The other two students — Juliana Musilli and Alex Edwards — are seniors at Wilton High and co-presidents of the high school’s Republican Club.
“For National Honor Society you need four hours per month, so it’s a really good way to get it. It’s also for college apps because colleges like to see you’re doing volunteer service and active in the community,” Musilli said of volunteer work for the campaign.
Around 10:15 a.m., Boucher leaves headquarters for the nearby Orem’s Diner. The owners, a family of Greek immigrants, are friends of Boucher because in the early 2000s she helped them negotiate with the Department of Transportation to buy the parcel of land under the diner to prevent a superhighway from running through the property, she said.
Boucher and Demetri Papanikola, the owner’ son, express their mutual sadness about business and people leaving the state. Then, Boucher walks around and dinergoers nod and wave to her in recognition.
“You’re my favorite politician. I don’t have many favorites anymore,” Wilton resident Una Callanan tells Boucher.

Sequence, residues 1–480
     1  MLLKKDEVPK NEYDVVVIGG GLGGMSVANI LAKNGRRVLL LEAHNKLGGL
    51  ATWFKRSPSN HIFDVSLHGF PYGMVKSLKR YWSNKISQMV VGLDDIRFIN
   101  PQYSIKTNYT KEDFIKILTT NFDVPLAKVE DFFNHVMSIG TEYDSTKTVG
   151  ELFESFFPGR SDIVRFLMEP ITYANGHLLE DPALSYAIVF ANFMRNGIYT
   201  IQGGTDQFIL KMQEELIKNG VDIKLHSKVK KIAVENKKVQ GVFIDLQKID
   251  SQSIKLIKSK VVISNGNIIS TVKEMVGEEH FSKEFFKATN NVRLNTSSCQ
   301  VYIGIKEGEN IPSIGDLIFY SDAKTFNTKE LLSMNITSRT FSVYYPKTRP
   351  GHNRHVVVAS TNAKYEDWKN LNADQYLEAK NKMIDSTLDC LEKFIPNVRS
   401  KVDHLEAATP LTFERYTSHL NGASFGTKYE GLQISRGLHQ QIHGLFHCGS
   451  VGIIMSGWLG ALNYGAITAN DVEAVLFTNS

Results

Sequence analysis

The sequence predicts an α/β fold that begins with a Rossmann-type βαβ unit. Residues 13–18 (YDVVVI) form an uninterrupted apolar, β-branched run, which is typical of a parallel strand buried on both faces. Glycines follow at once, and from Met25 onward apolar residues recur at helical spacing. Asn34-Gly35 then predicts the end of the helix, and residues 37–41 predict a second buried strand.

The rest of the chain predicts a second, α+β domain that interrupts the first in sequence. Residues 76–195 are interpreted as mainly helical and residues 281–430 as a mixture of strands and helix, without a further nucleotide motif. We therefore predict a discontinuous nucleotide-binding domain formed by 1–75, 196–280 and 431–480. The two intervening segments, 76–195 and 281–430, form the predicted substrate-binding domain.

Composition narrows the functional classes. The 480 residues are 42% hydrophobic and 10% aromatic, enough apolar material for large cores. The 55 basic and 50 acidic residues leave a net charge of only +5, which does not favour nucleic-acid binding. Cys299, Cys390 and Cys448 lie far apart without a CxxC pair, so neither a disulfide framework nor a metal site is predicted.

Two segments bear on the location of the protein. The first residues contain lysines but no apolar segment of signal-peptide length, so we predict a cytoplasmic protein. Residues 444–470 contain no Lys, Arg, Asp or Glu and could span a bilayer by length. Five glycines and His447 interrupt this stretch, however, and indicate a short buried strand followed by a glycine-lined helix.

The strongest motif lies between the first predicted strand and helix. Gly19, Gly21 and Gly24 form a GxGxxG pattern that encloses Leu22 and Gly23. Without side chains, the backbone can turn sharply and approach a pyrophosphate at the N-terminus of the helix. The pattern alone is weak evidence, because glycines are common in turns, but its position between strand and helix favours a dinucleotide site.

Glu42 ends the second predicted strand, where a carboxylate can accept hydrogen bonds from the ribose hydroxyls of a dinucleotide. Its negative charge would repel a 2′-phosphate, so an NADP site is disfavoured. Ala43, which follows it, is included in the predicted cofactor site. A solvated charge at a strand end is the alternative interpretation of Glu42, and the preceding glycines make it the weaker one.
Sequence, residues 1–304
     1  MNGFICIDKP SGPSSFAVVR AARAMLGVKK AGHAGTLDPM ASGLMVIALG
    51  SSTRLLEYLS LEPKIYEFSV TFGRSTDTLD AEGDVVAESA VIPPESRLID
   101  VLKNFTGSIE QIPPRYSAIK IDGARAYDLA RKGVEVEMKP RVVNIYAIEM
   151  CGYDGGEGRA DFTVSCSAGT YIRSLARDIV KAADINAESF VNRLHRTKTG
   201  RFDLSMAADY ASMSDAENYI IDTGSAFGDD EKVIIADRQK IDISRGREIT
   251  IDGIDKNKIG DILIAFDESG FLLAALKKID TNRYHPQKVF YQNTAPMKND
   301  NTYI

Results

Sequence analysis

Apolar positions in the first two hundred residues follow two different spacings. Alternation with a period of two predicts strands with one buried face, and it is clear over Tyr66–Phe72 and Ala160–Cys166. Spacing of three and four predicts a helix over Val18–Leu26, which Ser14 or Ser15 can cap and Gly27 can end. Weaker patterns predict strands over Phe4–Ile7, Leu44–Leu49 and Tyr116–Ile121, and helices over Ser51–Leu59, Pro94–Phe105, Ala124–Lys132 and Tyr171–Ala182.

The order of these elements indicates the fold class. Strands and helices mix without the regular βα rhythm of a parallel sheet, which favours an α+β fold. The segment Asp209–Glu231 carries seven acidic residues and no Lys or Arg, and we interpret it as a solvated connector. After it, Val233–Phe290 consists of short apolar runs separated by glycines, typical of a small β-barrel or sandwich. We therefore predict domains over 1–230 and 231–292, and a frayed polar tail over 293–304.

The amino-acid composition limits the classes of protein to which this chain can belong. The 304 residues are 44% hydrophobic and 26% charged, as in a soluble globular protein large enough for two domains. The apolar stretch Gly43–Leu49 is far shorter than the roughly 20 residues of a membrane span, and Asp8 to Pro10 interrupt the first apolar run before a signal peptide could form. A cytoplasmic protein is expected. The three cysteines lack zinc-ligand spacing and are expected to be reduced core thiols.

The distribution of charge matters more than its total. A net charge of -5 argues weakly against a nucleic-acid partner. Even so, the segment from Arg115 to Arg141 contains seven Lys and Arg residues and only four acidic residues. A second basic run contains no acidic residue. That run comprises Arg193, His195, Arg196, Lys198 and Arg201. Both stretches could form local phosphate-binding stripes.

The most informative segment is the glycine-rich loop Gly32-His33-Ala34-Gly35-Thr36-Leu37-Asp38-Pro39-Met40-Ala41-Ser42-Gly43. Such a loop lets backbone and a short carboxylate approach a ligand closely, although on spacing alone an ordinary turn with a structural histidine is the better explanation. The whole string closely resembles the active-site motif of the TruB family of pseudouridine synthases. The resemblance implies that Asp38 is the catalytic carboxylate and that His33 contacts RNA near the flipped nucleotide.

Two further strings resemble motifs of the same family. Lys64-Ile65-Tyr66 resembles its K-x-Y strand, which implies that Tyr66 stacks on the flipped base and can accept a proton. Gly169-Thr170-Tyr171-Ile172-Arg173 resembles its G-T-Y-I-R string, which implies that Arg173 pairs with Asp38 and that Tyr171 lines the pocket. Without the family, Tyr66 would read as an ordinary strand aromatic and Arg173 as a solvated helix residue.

Back in the car at 11 a.m., Boucher returns a missed call from a Westport supporter, Gloria Ginter, a Democrat constituent who Boucher says she bonded with over work on animal rights legislation. Ginter tells Boucher her house was broken into, but will still make time to help with Boucher’s campaign. “Oh no, Gloria!” Boucher says. “Take care of yourself first.”
“Your ability to help people is really strengthened by personal relationships,” Boucher says, quoting one of her favorite sayings: “People don’t care what you know unless they know you care.”
Her personal relationships extend to fellow politicians, Boucher said, adding she has befriended much of the Democratic leadership.
“Those relationships have come back to save our district a lot of money,” Boucher said, noting her relationships helped in a grant for the nature center in New Canaan.
Boucher’s capacity for compassion and close relationships comes from her difficult childhood, she said. Her family immigrated to the Waterbury area from Italy when she was 5, and she didn’t learn English until the fourth grade because there was little support for non-English speaking students, Boucher said. “It was very painful. I was quiet, shy.”
A high school teacher encouraged her to join the debate team, where she blossomed, before going on to American University and then switching to the University of South Dakota when her husband, Bud Boucher, was transferred there for the Air Force.